Imagine finding out your friends are getting married only to receive a don’t-save-the-date card in the mail. Apparently it happens. There’s a new trend in weddings called the ‘anti-invite’ in which happy couples send wedding announcements to friends and family who didn’t make the cut for the invite list to let them know. Ouch.
A recent letter to the Dear Prudence column in Slate Magazine commented on this protocol as follows:
‘Recently I received two separate announcements letting me know that I’m not invited to the wedding of a friend. Both of these came out of the blue; I had not precipitated them by asking if I was going to get an invitation. Apparently, it’s a trend for brides and grooms to tell people who didn’t make the cut that they aren’t going to witness the special day. (Google “How to tell someone you’re not inviting them to your wedding.”) I have no idea how to respond. It seems churlish to say that I’m relieved, but it’s also awkward to admit my feelings were hurt. Please help. Signed, A Perplexed Nonwedding Guest.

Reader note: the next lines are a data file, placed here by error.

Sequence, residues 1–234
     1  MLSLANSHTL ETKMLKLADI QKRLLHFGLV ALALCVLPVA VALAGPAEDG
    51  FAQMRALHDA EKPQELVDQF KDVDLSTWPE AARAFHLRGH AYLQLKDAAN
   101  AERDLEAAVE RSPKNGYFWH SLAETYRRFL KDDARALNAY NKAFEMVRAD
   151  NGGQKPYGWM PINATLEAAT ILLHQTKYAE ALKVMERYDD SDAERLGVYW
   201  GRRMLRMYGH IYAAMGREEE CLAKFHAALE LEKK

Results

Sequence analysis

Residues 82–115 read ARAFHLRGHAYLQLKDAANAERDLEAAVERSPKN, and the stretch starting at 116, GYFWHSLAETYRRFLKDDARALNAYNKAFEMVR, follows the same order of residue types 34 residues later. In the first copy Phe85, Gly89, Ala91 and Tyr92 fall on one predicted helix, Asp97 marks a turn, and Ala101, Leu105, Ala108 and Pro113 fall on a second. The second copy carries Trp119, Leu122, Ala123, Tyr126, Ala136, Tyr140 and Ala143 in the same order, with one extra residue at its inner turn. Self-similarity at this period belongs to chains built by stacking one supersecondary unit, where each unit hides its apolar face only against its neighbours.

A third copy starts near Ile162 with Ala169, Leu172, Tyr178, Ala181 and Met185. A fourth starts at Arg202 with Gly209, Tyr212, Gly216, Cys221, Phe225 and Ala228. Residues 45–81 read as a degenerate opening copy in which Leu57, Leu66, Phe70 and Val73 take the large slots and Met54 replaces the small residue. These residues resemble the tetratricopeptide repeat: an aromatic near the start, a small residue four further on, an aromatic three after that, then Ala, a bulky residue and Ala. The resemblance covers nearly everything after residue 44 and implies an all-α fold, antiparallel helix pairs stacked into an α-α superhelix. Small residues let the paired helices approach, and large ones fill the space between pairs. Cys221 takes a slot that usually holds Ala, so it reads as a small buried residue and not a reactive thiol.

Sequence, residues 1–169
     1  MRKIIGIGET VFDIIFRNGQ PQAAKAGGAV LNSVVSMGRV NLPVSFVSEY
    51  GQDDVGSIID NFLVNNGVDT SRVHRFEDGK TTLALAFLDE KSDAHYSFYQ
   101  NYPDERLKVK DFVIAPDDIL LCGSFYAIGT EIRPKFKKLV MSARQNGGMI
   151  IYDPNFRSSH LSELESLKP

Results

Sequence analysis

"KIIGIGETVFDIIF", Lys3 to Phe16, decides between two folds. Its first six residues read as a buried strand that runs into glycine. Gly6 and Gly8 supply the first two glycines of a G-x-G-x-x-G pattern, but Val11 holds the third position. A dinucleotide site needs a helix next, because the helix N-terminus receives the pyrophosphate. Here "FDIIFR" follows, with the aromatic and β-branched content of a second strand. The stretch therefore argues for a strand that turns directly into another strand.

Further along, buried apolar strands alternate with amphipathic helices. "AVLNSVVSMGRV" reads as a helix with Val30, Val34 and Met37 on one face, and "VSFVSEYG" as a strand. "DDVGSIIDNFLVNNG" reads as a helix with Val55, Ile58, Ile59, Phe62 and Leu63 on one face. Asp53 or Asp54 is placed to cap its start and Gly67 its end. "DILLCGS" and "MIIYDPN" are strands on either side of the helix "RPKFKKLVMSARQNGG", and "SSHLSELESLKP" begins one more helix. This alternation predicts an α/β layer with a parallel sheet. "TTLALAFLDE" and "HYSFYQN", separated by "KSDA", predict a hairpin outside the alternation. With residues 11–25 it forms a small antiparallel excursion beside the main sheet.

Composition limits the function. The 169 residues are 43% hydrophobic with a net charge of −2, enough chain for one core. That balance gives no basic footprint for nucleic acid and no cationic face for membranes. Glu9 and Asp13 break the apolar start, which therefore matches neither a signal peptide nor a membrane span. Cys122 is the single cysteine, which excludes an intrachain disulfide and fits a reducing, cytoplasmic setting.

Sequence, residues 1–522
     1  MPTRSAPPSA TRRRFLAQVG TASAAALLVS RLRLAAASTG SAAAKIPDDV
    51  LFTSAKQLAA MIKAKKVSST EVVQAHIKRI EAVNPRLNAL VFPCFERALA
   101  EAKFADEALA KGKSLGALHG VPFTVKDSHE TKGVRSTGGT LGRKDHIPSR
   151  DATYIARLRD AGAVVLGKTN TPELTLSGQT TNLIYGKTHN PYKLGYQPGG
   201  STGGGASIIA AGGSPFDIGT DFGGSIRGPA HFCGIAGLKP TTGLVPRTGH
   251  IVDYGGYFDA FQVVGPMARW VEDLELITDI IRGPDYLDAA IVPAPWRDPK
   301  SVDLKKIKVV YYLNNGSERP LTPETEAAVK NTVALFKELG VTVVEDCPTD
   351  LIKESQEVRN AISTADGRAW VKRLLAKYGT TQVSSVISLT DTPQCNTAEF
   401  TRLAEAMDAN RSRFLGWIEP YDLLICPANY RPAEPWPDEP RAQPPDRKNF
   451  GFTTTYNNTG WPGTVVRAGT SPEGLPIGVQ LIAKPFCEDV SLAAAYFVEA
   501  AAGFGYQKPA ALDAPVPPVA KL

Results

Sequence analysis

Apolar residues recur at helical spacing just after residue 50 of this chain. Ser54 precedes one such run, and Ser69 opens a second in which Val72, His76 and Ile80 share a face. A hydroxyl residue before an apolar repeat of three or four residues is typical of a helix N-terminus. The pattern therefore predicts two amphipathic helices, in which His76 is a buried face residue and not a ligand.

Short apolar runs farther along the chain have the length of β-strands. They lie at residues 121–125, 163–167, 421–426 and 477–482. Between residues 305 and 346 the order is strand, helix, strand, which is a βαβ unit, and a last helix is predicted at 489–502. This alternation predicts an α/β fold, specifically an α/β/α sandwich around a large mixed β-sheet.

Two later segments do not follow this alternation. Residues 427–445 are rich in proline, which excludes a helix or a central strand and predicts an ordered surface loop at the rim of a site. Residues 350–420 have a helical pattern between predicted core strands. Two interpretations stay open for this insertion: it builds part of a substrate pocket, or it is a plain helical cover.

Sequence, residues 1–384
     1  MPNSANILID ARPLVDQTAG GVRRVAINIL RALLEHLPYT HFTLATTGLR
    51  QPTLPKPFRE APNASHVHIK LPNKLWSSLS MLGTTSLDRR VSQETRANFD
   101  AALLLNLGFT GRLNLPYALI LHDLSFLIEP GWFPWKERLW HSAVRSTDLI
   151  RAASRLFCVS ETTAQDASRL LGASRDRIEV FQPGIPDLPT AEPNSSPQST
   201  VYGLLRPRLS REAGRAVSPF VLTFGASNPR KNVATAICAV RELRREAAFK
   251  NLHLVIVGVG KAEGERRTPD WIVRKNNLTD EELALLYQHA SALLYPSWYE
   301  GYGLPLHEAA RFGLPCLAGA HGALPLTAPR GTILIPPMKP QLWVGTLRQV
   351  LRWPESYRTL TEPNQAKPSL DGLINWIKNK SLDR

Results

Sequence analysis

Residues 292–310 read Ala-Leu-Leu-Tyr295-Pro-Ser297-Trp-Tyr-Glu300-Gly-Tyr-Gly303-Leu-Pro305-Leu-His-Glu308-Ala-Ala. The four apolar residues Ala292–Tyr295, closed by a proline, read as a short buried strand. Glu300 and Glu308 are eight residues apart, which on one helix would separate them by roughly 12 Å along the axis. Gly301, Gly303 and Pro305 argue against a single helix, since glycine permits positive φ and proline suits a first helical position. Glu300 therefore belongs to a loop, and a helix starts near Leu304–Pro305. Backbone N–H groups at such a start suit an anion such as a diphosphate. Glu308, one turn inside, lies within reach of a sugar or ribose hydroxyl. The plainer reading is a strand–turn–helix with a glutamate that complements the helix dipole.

To my mind the anti-invite is very much this Tarot card in action:
Knight Of Swords: Getting the job done in a rush. With an emphasis on being quick. Not on taking care of people’s feelings. The Knight of Swords means well. He wants to let his (slightly less) loved ones know where they stand asap. He doesn’t actually mean to offend anybody. He just doesn’t want them to waste time and effort planning for an activity which they will never be attending. He’s doing them a favor really.
Of course, there are better ways to manage this situation. You could have the conversation in person. ‘Sorry mate. I wish you guys could be there. I really do. We just can’t fit everyone in.’ Or you could spread the word on the grapevine that your budget is tight or that the wedding is going to be an intimate affair for close family only.
Would you be offended to receive an anti-invite? Would you consider sending them for your own wedding?